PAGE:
This is an interesting question, because I actually believe that Macbeth displays many kingly virtues, especially in this last Act of the play. However, in Act 5 scene 3 I think we can clearly see what his biggest downfall is: his over-confidence in the prophecies that the witches gave him leading to arrogance. Note the way that this scene begins and how it expresses Macbeth's unshakeable belief in his own safety:
Bring me no more reports; let them fly all:
Till Birnam wood remove to Dunsinane,
I cannot taint with fear. What's the boy Malcolm?
Was he not born of woman?
He places all of his confidence in the "truth" of the prophecies the witches gave him, and he concludes his opening speech with a strong ending that makes clear his resolute spirit in the face of the betrayal of some of his lords who are defecting:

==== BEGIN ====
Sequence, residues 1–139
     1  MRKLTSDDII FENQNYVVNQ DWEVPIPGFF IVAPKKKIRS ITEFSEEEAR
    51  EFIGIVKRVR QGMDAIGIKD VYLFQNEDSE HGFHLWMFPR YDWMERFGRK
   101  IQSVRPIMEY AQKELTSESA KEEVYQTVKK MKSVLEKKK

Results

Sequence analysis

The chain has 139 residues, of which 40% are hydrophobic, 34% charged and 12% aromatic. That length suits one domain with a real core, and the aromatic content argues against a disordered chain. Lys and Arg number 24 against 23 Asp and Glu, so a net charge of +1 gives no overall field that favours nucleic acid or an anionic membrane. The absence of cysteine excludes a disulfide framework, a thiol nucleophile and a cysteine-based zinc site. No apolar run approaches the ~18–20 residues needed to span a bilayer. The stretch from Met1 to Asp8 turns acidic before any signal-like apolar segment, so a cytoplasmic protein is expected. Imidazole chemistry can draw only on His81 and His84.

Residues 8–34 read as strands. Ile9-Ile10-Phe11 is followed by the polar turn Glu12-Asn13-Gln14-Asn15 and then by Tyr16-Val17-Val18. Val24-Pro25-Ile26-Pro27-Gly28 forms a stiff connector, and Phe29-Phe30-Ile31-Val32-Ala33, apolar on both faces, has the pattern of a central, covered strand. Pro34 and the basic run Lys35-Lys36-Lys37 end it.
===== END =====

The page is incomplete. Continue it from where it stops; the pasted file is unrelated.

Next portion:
The mind I sway by, and the heart I bear,
Shall never sag with doubt, nor shake with fear.
These are noble words and strike us as the audience with the bravery and nobility of Macbeth until we remember that he places his confidence in black sorcery rather than something else better suited to be the receptacle for his hopes. It is this that essentially leads to his downfall. The arrogance that these prophecies create in him shows his lack of humilty: an essential kingly virtue.